Yesterday’s Patch Tuesday release fixes critical flaws affecting every version of Windows. This month’s bumper release of security patches has one bulletin that affects every supported version of Windows.
Craig Young, security researcher at Tripwire explains that the March bulletin should generally be straightforward to patch. Additionally, I have pasted some research into enterprise patch management from Tripwire which discloses that 50% of IT professionals are struggling to keep up with client-side patches.
[su_note note_color=”#ffffcc” text_color=”#00000″]Craig Young, Cybersecurity Researcher at Tripwire :
“System administrators will be relieved that the March bulletin should be generally straightforward as it does not contain patches for any of the typically complex environments such as Exchange and Share Point. While it is still imperative that users deploy the patches as soon as possible, it is nice to see that none of the issues fixed this month were publicly disclosed or exploited ahead of the patch drop.
The most interesting patch this month would have to be MS16-033 which addresses a memory corruption bug within the Windows USB Mass Storage Class driver. What is interesting about this one is that the malicious USB device could be used to exploit even locked workstations where an attacker has temporary physical access. In contrast, the LNK vulnerability exploited by Stuxnet and patched in MS10-046 would require that a victim browse to a malicious folder to trigger code execution. Another big difference is that since MS16-033 is a driver vulnerability, it gives the attacker a direct path to code execution within the kernel as opposed to in the context of a logged-in user.
Additionally, the OpenType Font parsing vulnerabilities noted in MS16-026 provides an example of how enhanced security measures within Windows 10 are making a difference. Although all of the affected operating systems are prone to denial of service or code execution as a result of CVE-2016-0120 and CVE-2016-0121 respectively, Microsoft notes that the impact is not actually the same for Windows 10 systems compared with the older OS versions. In the case of the DoS attack, the Windows 10 architecture manages to limit the attack to a single affected application rather than the entire system. In the case of the code execution bug, an attacker might be able to take complete control over the system as opposed to under Windows 10 where code execution happens within an AppContainer sandbox process having limited privileges. This is a strong indication that Microsoft is extending its use of the usermode sandboxing technology introduced with Windows 8. AppContainer sandboxing is implemented within the kernel and can restrict access to things like local drives, registry keys, network sockets, and system calls.”[/su_note]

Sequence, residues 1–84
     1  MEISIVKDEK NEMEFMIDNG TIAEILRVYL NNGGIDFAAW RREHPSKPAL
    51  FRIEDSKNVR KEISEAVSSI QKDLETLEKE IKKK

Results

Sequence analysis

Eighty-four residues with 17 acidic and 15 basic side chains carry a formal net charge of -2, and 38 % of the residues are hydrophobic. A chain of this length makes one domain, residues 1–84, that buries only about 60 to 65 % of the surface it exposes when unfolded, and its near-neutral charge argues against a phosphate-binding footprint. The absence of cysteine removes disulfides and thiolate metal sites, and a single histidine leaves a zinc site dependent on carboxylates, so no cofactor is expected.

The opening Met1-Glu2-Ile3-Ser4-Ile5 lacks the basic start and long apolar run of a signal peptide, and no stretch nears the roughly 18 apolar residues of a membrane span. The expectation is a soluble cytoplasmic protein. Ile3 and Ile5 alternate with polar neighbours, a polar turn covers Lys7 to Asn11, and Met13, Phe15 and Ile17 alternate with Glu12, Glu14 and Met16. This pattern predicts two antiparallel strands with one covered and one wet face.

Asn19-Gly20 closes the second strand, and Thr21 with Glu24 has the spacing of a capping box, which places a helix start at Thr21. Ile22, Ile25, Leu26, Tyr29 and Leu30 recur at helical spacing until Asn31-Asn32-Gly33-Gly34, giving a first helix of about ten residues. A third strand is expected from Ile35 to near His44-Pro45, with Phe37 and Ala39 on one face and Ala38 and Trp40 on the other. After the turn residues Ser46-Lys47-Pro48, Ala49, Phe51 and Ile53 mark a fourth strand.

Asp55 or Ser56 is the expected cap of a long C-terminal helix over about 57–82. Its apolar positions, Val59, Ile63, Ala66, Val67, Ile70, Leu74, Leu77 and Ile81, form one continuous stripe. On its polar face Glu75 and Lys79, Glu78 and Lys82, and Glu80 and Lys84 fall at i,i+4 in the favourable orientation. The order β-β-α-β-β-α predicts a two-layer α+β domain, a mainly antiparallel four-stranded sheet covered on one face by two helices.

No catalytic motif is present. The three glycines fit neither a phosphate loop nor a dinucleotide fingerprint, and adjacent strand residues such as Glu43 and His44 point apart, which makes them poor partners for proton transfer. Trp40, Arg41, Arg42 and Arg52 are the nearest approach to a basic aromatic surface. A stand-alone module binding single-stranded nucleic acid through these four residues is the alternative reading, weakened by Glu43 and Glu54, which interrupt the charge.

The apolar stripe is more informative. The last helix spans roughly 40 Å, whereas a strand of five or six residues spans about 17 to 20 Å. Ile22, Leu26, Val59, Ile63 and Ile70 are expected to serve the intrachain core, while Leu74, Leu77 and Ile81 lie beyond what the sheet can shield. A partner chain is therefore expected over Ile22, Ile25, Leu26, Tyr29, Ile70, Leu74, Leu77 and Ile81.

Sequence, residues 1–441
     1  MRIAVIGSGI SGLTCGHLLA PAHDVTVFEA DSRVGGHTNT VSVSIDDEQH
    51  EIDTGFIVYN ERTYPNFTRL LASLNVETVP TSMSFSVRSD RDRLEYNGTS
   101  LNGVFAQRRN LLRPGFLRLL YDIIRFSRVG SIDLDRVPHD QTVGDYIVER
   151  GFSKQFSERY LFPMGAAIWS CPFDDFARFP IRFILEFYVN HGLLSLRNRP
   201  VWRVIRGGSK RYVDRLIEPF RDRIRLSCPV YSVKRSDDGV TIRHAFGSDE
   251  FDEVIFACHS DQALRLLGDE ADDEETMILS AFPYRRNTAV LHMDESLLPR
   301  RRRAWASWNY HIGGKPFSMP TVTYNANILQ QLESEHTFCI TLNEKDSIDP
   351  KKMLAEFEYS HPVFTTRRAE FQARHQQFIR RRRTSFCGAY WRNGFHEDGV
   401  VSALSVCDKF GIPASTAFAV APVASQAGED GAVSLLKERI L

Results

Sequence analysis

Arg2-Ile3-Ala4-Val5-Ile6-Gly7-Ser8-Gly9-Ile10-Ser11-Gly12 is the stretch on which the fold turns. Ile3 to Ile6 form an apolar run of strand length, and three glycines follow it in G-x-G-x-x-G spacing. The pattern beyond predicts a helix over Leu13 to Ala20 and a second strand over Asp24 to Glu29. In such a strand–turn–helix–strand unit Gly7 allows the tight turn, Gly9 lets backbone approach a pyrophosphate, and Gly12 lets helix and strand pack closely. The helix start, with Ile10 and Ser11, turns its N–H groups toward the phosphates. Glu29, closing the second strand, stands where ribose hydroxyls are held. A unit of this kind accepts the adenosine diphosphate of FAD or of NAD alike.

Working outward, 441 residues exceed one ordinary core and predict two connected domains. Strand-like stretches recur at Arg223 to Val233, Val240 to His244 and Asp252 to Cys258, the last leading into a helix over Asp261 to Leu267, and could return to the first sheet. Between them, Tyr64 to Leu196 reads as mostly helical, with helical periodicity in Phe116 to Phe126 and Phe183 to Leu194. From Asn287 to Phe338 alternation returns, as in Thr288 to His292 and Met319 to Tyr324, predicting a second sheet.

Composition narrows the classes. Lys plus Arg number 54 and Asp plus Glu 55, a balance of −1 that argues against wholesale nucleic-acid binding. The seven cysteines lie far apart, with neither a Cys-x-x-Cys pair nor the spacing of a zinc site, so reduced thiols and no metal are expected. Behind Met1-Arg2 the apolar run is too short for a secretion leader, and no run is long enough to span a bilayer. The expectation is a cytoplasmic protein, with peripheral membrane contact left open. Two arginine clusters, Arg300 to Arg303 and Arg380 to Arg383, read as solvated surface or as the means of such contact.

[su_box title=”About Tripwire” style=”noise” box_color=”#336588″]Tripwire is a leading provider of advanced threat, security and compliance solutions that enable enterprises, service providers and government agencies to confidently detect, prevent and respond to cybersecurity threats. Tripwire solutions are based on high-fidelity asset visibility and deep endpoint intelligence combined with business-context and enable security automation through enterprise integration. Tripwire’s portfolio of enterprise-class security solutions includes configuration and policy management, file integrity monitoring, vulnerability management and log intelligence.[/su_box]